Regarding the presence of heart disease there’s a need to prevent its occurrence and to treat it (if it is already present). Regarding the precipitant, the correct preventive attitude is to avoid it ( for instance, disqualifying for competitive sports subjects suffering from diseases in which physical exercise is known to be a precipitant for sudden death). Regarding arrhythmia, the prevention is their treatment, either with drugs (anti-arrhythmics) or abolishing the cardiac electrical circuits that are their source (radio-frequency ablation), or by the implantation of electrical devices (implantable cardioverter defibrillators and pacemakers).
1. Sudden death is not uncommon, affecting more frequently adults and older people (despite having a greater media impact in young people).
2. In the majority of cases it results from heart diseases.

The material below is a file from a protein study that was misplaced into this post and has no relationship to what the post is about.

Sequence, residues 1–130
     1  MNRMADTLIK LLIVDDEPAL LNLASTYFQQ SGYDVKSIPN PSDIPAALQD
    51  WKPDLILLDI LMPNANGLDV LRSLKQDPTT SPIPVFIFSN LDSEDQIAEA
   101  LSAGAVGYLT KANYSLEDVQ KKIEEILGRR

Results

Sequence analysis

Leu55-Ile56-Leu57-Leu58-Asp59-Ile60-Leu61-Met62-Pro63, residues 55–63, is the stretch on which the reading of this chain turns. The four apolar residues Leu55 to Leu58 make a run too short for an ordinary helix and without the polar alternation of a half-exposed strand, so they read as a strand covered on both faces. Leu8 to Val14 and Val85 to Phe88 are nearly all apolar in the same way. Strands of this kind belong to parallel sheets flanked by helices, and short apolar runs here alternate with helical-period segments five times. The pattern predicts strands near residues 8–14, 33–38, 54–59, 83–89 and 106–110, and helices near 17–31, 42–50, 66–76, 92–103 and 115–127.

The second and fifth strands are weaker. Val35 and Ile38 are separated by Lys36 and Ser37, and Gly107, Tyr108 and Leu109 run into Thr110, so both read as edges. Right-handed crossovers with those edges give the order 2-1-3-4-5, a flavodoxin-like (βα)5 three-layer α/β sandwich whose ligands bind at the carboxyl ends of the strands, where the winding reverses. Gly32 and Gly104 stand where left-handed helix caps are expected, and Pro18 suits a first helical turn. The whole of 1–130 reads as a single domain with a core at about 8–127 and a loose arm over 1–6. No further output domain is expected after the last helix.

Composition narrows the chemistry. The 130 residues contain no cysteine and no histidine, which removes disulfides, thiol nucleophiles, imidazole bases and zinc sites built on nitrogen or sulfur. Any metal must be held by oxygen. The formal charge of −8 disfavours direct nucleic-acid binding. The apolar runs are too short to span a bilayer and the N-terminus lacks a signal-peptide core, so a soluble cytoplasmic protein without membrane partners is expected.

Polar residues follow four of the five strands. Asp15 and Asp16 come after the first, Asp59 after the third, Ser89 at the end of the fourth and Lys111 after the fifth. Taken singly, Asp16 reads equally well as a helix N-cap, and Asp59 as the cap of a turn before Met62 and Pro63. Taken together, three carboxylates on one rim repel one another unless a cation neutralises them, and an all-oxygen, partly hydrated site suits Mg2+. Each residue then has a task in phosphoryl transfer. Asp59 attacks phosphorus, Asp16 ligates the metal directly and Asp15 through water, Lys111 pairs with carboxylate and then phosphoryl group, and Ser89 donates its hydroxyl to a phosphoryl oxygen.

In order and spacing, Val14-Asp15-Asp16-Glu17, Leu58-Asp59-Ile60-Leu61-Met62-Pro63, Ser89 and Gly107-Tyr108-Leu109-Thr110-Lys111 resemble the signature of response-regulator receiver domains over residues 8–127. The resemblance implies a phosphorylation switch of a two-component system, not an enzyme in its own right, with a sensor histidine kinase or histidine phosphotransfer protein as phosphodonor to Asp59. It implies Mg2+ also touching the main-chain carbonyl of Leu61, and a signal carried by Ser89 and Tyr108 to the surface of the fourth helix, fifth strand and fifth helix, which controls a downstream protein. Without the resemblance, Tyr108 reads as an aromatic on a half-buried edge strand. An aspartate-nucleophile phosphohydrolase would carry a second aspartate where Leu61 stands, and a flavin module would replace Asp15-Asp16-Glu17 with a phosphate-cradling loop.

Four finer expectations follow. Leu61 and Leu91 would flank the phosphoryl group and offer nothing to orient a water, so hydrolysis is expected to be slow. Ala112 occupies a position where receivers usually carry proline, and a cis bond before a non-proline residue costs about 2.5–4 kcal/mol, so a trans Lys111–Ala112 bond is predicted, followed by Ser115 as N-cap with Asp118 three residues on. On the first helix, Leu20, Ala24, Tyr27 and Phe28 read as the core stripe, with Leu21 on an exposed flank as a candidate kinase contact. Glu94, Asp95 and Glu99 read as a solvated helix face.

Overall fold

3. In patients older than 35 years of age, the main cause is coronary artery disease.
4. In individuals under the age of 35, causes may vary, but hereditary heart disease (cardiomyopathies and channelopathies) stand as the main causes.
5. Sudden death results from the interaction between heart disease and a precipitant that causes a fatal cardiac arrhythmia.
6. Exercise alone does not cause sudden death, but may be a precipitant. However, many sudden deaths occur at rest.
7. In the case of hereditary heart disease, the correct diagnosis of the cause of death is essential for screening family members and preventing sudden death in these individuals: THE CORRECT DIAGNOSIS OF THE SCD CAUSING DISEASE HAS AN IMPACT ON THE PREVENTION OF SUDDEN DEATH!
8. Often SUDDEN DEATH IS NOT THE END, BUT THE BEGINNING OF THE STORY: despite the LOSS of a life, it can lead to the prevention of its occurrence in relatives!!!
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Genetic Studies for Hypertrophic Cardiomyopathy, know more here
This article was published on June 10, 2015.